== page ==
That's bogus if you ask me. Promising not to raise taxes on the middle-class.. but then writing laws for new taxes that only go into affect AFTER you leave office. Leaving some future administration to deal with the new taxes that were made law during YOUR administration.

  • LDS Libertarian Farmington, UT
    Nov. 19, 2013 2:27 p.m.

    Iz sawrs 'dis ladee on the T.B.,
    un - she'z in Luzy-anna,
    she got dis dar letter and stuff,
    suz, Obama canseeld herz insuranz polarzee.

    I heard it on Rush --
    and an it's happen'n all over this here's country,
    must've ben happen to 'er'ry body.
    so'sit musts be true!

  • Kent C. DeForrest Provo, UT
    Nov. 19, 2013 2:11 p.m.

    So, Nate, what do you know about my insurance that I don't? We had a meeting with representatives from the insurance company. They laid out the specifics for next year, just like they do every year. The only change was a switch in an optional eyecare plan, but that was because it was a better plan at a lower premium. Everything else next year will be just as it has been this year and as it was last year. It was already a quality health-insurance plan, so it met or exceeded all of the requirements imposed by the ACA. So your 5% insinuation is meaningless.

  • JoeBlow Far East USA, SC
    Nov. 19, 2013 1:27 p.m.

    "I want solutions which show a proper regard for individual liberty."

    Care to name a president in your lifetime that did that?

  • RedShirt USS Enterprise, UT
    Nov. 19, 2013 1:09 p.m.

    To "Open Minded Mormon" how does the ACA fix bankruptcies that are due to medical bills? The average person that files for bankruptcy due to medical bills has $17,000 of unpaid bills. Look at it this way. If you get cancer, you will pay about $12,000 and use up your out of pocket maximum. Typically with cancer treatments there are drugs that the Drs prescribe that are not covered, and can cost you $1000/month. That means that even with insurance you still could be going bankrupt. That also assumes that your finances have not already been crippled by the 32% or more increase to your insurance premiums.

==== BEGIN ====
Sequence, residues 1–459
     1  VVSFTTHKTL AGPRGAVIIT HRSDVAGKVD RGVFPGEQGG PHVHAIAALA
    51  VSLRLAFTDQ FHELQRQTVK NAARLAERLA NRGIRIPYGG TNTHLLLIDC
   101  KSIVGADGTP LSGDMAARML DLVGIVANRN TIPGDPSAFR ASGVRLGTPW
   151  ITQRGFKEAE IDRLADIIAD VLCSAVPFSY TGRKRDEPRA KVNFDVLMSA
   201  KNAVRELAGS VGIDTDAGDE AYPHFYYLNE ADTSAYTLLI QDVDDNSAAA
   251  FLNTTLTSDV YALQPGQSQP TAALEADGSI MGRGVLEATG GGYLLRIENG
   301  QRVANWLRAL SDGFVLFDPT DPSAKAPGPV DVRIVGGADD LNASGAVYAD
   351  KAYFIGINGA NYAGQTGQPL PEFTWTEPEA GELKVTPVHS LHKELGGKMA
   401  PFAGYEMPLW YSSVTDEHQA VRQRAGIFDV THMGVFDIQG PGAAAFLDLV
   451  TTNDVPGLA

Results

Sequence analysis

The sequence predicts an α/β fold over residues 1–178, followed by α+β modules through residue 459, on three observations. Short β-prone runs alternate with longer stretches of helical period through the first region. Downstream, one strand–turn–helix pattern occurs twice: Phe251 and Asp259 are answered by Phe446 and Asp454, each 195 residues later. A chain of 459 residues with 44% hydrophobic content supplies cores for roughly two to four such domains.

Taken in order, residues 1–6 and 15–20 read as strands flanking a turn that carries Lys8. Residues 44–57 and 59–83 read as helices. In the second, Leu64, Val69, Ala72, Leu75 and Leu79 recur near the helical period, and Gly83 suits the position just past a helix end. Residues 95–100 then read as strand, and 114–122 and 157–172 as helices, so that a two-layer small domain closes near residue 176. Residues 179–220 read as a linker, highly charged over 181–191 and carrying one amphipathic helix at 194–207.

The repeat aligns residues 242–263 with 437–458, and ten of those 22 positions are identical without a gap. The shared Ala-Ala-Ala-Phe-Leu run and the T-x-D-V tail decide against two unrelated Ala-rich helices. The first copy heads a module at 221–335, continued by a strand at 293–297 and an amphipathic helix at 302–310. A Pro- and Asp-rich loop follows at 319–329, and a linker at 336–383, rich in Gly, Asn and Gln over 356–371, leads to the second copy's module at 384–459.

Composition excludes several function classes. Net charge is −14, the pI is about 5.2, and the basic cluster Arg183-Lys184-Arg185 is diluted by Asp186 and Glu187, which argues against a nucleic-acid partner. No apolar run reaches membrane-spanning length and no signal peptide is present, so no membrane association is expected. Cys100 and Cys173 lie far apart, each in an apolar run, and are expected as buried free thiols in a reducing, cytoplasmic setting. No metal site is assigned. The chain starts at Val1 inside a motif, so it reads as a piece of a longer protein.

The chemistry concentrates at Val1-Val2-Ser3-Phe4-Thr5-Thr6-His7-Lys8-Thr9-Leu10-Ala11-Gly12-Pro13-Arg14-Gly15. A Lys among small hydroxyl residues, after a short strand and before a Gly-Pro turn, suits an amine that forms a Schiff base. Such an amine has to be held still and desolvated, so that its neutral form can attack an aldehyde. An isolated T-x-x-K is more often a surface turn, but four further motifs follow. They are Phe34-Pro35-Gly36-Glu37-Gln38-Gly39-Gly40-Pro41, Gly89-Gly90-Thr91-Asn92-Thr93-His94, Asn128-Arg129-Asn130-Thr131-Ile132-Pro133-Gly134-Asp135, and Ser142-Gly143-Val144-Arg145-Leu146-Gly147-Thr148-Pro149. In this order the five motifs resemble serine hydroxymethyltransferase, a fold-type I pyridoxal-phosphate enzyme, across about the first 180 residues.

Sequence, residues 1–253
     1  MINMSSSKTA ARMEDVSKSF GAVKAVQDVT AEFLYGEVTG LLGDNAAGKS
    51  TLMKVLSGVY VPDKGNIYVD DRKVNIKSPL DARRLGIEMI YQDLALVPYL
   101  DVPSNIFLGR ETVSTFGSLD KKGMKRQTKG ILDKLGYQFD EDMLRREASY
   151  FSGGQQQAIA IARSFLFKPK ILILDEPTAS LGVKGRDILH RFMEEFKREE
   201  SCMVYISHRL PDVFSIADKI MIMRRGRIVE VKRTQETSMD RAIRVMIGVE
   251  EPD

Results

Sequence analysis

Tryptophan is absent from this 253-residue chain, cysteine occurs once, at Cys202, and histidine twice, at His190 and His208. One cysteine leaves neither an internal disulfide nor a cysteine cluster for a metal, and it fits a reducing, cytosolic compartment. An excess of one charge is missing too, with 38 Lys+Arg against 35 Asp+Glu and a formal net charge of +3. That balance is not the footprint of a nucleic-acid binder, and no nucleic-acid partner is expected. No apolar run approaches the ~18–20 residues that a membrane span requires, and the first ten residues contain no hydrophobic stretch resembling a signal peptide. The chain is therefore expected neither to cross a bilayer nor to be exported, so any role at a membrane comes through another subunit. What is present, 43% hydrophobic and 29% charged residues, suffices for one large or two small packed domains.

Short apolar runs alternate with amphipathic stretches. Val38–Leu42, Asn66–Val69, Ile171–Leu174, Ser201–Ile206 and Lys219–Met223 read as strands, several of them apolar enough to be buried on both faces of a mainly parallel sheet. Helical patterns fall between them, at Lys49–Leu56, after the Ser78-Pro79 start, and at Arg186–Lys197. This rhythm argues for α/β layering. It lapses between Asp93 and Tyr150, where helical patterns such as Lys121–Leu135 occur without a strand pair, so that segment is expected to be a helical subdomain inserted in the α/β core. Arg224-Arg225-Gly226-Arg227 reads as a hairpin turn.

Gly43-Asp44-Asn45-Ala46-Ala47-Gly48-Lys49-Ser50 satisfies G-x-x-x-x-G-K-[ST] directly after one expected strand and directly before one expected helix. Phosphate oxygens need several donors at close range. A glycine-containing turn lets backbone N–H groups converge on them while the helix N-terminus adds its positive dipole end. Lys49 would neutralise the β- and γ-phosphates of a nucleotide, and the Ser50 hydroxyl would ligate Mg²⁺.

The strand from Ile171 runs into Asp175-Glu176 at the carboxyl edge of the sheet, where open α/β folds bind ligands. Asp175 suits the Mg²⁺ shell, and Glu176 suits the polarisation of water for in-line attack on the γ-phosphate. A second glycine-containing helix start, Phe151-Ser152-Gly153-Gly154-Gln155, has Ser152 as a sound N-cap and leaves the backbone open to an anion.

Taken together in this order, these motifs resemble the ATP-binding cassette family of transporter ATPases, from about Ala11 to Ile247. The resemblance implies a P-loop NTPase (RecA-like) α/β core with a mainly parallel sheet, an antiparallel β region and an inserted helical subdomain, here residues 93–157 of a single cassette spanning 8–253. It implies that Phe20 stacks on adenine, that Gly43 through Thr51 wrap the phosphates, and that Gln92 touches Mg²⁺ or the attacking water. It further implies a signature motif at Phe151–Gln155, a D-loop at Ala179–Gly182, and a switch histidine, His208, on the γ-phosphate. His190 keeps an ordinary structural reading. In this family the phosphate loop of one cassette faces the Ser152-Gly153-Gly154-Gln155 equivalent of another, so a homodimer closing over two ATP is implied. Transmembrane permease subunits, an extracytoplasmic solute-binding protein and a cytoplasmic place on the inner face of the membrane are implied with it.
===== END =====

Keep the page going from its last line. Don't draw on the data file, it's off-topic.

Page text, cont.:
To "ugottabkidn" the solution is easy, but the politicians all hate it. Cut regulations and let the free market work. That is it.

  • 2 bits Cottonwood Heights, UT
    Nov. 19, 2013 12:39 p.m.


    When the moderator won't post what you wrote... there's a reason.

    Re: "Republican-led states refusing to develop their own exchange system"...

    Utah is a "Republican State". We developed our own exchange system. What evil Republican States wouldn't develop their own exchange system or expand Medicaid?? What specific example did you have in mind when you said this?


    The cancelled plans were REQUIRED to be cancelled (by regulations in the ACA). Do you know any specific policies that were totally compliant with ACA regulations but were cancelled (risking loosing customers) just so the evil insurance company could put more expensive policies out there and risk customers saying, "NO it's too expensive, we're switching vendors".

    Currently people (even companies) aren't trapped or required to get their insurance from any specific vendor (that may change in a few years). But CURRENTLY we can all vote with our feet (company or individual) and move to another insurance policy or even a different insurance vendor IF we don't like their rates, or their coverages, or their customer service.

    What motivates them to improve and reduce cost IF all Americans are required to use the same vendor?

  • Roland Kayser Cottonwood Heights, UT
    Nov. 19, 2013 12:04 p.m.

    To 2 bits: You are correct, the ACA will not cover everyone. That is why I said I preferred Nixon's plan. But Nixon's plan was considered "too liberal" to get through even the Democratic controlled congress of 2009-10.